Fertilize to encourage optimal turfgrass density and vigor to better resist diseases, weeds, and insects.
Materials such as sand, soil, compost, and plant material (i.e., sod, sprigs, seed) from outside sources should be devoid of weeds.
If allowed and necessary, apply a preventative herbicide application to turfgrass to maintain a uniform and safe playing surface. When weeds escape a preventative application, spot- treatments of post-emergence products can be used to control rogue plants when pressure is warranted. Consider both environmental conditions and availability of supplemental irrigation when selecting the appropriate formulation of the control product.
Disease Control Best Management Practices
Encourage proper cultural practices that reduce turfgrass stress and enhance growth.
Select and incorporate turfgrass cultivars or species that are best suited to resist disease.
Review all cultural practices (e.g., mowing, irrigation, and nutrient program) to reduce turfgrass stress.
If necessary, based on weather conditions and historical assessments, apply a preventative fungicide to susceptible turfgrass if unacceptable levels of disease are likely to occur.
Confirm diagnosis of disease pathogen to help select management strategy or to confirm curative treatment to stop disease activity.
Insects/Arthropods Control Best Management Practices
Identify key regional insect pests.
Select and incorporate endophytic turfgrass cultivars into seed mixtures that deter surface-feeding insects.
Review all cultural practices (including mowing, irrigation and fertility program) to reduce turfgrass stress.
For preventive insecticide applications, especially those that contain a neonicotinoid product, mow turfgrasses that contain populations of clover or any flowering weed, to reduce foraging traffic of bees.
For insecticide application aimed at targeting root-feeding insects, irrigate turfgrass before and/or after an application, in accordance with the label.
Biological Pest Controls Best Management Practices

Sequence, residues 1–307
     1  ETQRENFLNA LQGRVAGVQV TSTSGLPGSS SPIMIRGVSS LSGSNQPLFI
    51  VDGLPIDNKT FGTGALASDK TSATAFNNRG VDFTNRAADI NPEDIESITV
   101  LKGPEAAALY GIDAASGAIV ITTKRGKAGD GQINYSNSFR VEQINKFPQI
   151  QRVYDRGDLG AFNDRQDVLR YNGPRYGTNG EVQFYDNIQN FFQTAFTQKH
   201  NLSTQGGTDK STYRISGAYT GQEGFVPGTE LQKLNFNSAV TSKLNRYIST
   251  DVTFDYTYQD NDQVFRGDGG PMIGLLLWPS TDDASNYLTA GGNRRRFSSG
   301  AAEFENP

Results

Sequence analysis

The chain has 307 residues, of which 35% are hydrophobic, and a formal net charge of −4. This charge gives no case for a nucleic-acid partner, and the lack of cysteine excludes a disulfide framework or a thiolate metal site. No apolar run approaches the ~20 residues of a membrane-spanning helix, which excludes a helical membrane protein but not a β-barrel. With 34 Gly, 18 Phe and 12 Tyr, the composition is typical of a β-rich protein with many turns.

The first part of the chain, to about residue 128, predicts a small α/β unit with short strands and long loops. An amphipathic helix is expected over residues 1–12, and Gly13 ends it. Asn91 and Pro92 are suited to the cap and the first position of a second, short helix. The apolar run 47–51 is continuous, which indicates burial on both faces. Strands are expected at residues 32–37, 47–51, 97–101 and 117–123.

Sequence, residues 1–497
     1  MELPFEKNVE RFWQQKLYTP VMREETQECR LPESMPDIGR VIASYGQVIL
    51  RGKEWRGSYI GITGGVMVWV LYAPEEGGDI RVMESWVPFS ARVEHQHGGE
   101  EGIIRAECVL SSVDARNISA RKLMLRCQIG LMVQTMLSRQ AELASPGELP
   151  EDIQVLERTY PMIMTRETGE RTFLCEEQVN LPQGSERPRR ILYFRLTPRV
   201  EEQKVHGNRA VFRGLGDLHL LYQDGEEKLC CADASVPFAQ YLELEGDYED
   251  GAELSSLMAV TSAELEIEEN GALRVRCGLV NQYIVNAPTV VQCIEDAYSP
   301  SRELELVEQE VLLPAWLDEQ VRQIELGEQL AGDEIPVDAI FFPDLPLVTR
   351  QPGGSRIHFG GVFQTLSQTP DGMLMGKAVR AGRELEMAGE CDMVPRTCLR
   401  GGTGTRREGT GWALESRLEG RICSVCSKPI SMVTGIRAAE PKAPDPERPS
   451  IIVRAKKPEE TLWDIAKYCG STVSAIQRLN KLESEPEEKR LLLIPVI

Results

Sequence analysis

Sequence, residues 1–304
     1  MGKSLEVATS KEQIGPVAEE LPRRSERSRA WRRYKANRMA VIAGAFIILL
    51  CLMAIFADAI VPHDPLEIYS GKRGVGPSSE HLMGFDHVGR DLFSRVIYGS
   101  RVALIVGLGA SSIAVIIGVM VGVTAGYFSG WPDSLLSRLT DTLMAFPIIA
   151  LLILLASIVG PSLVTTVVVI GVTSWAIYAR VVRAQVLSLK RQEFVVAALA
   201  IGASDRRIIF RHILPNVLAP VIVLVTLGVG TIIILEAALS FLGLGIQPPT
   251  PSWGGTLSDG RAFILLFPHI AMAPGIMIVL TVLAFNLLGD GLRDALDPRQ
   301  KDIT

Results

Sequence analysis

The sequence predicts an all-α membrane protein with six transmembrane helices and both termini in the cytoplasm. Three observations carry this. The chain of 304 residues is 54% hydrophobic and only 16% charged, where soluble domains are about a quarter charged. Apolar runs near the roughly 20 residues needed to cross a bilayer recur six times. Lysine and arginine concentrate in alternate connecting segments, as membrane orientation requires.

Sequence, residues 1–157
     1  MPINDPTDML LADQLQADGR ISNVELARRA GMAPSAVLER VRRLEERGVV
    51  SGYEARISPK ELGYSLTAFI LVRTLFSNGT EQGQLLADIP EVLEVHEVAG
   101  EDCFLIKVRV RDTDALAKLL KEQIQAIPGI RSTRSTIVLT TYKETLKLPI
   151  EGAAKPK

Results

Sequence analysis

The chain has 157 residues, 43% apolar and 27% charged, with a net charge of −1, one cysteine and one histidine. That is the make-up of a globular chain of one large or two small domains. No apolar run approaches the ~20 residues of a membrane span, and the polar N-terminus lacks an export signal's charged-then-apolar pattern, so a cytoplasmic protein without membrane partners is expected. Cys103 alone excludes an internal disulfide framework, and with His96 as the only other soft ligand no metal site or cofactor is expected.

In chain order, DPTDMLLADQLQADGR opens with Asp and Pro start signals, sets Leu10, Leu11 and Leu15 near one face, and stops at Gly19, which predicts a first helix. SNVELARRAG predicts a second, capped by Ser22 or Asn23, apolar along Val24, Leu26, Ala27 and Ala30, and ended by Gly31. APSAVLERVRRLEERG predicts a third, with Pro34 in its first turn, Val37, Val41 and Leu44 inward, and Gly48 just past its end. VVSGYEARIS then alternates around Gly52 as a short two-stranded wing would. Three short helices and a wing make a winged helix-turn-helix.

To support efficacy and application of BPC products aimed to control surface or thatch dwelling insects, as well as root-feeding insects such as white grubs, irrigate turfgrass before and/or after an application, in accordance with label instructions.
Consider timing applications to coincide with appropriate soil temperatures, active soil microflora, and the life cycle of a targeted insect pest.
Follow guidelines for utilizing beneficial nematodes in order to increase efficacy.
Chemical Pesticides Best Management Practices
Train employees in proper pest identification and pesticide selection options.
Select the best pest-specific product to optimize environmental quality and safety.
Ensure that any chemical applications are made by licensed applicators or supervised by licensed applicators, following state pesticide regulations. Follow all BMPs related to chemical handling and application.
Time pesticide applications for the appropriate stage of the pest life cycle to be controlled to maximize effectiveness.
Review and follow all restrictions on pesticide label prior to application.
Rotate pesticides based on resistance classification.
Consider costs and re-entry periods in product selection.
Record Keeping and Evaluation Best Management Practices
Observe and document natural grass conditions regularly using approved assessment forms (daily, weekly, or monthly, depending on the pest). Note which pests are present so that informed decisions can be made regarding the damage they are causing and what control strategies are necessary.
Determine whether the corrective actions effectively reduced or prevented pest populations. Record and use this information to assist in making similar decisions in the future.